On 29 June 2017 the multEE consortium in cooperation with the Energy Community Secretariat held its final conference at Sofitel in Vienna. The multEE project – Facilitating multi-level governance for Energy Efficiency, aimed to improve the consistency and quality of energy efficiency policy planning and implementation. Led by Deutsche Gesellschaft für Internationale Zusammenarbeit (GIZ) through its Open Regional Fund for South-East Europe-Energy Efficiency, multEE brought together ten partners from nine European countries and integrated different leading institutions working at the interface of energy efficiency research, policy design and implementation. The conference was organized back-to-back with the triannual meeting of their Energy Efficiency Coordination Group of the Energy Community, which brings together the EU and its neighbours to contribute to an integrated pan-European energy market.

The multEE project pursued two streams of action: 1) develop and implement innovative monitoring and verification (M&V) schemes, and 2) improve coordination of the design and implementation of energy policies both horizontally among national government bodies and vertically between different administrative levels.

Both EU Members States and Energy Community countries require further work on these two pillars to successfully implement the proposed governance framework of the Energy Union. The multEE project makes an important conceptual and practical contribution to this effort.

Fitting well into the actual political debate, the event attracted practitioners from all nine multEE partner countries, as well as representatives from all nine Signatories to the Energy Community Treaty.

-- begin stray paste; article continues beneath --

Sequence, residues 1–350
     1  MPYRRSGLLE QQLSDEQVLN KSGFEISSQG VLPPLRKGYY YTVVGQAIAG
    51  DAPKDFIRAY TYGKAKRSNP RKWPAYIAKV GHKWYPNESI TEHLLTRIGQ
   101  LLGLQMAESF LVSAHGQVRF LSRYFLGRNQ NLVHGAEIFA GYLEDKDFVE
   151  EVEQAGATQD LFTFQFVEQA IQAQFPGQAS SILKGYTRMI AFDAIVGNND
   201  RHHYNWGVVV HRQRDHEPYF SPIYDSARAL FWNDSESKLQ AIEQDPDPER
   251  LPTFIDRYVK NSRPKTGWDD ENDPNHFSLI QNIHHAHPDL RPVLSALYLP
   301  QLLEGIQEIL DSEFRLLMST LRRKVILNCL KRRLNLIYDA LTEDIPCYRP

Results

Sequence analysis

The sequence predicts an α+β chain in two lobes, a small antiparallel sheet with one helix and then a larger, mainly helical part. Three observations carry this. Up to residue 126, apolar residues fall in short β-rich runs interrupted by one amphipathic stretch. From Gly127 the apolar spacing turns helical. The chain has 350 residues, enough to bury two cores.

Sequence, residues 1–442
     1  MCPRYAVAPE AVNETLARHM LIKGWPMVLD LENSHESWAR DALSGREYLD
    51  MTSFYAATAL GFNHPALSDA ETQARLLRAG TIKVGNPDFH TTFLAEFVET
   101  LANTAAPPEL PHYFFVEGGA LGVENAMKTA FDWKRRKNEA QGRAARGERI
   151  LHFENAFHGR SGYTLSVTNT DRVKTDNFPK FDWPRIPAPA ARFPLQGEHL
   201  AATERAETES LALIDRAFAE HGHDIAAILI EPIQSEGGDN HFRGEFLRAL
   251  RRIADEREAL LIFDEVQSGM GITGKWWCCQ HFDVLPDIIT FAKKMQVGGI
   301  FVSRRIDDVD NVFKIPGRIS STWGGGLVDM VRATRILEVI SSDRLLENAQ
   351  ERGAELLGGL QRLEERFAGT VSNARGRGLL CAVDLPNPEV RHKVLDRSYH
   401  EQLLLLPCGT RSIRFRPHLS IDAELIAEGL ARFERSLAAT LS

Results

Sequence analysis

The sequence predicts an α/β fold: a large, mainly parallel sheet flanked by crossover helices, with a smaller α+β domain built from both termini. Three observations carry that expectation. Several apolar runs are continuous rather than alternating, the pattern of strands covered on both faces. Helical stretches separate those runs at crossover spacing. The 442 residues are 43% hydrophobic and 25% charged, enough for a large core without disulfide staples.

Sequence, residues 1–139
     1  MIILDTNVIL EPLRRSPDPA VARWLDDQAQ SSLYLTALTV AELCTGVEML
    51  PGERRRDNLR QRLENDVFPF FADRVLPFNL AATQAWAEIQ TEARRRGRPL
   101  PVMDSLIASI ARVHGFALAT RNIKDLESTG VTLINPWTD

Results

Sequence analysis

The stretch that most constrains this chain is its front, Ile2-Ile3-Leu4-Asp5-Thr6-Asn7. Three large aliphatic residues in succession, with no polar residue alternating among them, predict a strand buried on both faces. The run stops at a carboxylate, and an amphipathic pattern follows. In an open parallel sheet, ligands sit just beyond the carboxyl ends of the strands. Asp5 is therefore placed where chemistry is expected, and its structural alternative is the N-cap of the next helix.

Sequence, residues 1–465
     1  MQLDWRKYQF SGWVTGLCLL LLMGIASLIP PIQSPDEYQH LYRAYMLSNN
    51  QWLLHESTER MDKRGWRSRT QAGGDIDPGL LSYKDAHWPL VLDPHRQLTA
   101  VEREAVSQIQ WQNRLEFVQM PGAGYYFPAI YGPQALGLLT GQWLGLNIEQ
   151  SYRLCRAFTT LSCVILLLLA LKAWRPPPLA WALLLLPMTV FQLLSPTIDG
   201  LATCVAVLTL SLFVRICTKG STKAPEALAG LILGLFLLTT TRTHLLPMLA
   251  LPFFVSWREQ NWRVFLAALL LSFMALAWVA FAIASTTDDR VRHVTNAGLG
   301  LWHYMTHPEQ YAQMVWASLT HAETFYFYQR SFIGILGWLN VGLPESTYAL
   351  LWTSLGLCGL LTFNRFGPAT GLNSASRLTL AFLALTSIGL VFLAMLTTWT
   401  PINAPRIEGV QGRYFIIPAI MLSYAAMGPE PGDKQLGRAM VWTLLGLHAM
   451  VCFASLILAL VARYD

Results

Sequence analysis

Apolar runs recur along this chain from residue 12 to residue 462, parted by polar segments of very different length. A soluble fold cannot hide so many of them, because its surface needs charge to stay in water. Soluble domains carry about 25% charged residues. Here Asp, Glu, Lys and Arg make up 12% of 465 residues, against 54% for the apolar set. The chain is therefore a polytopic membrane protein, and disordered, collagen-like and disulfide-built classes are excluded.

Dirk Buschle, the deputy director of the Energy Community Secretariat, opened the conference with a welcome address in which he explained that the Energy Community has the ambition to follow the EU on its path to fight climate change and that Energy Community is committed to achieve the transition towards clean energy at the same speed as the rest of Europe. Buschle emphasized that effective horizontal and vertical governance are key to reaching this goal.

Leonardo Zannier, policy officer in the Energy Policy Coordination Unit of DG Energy at the European Commission, gave an overview of the Commission’s proposal on the governance of the Energy Union. A special focus of the presentation were the integrated energy and climate plans, a key element of the governance proposal, which are envisaged to streamline climate and energy reporting requirements. The audience was especially interested in reporting methodologies and related data requirements. Also, the proposed time schedule for the submission of the first set of reports by the end of 2018 was being discussed.

Subsequently, Benjamin Struss from GIZ and the coordinator of multEE, connected the dots from the new governance framework of the Energy Union to the multEE project and explained that multi-level governance for energy efficiency is not only a buzzword, but an essential contribution to improving consistency and quality of energy efficiency policy planning and implementation.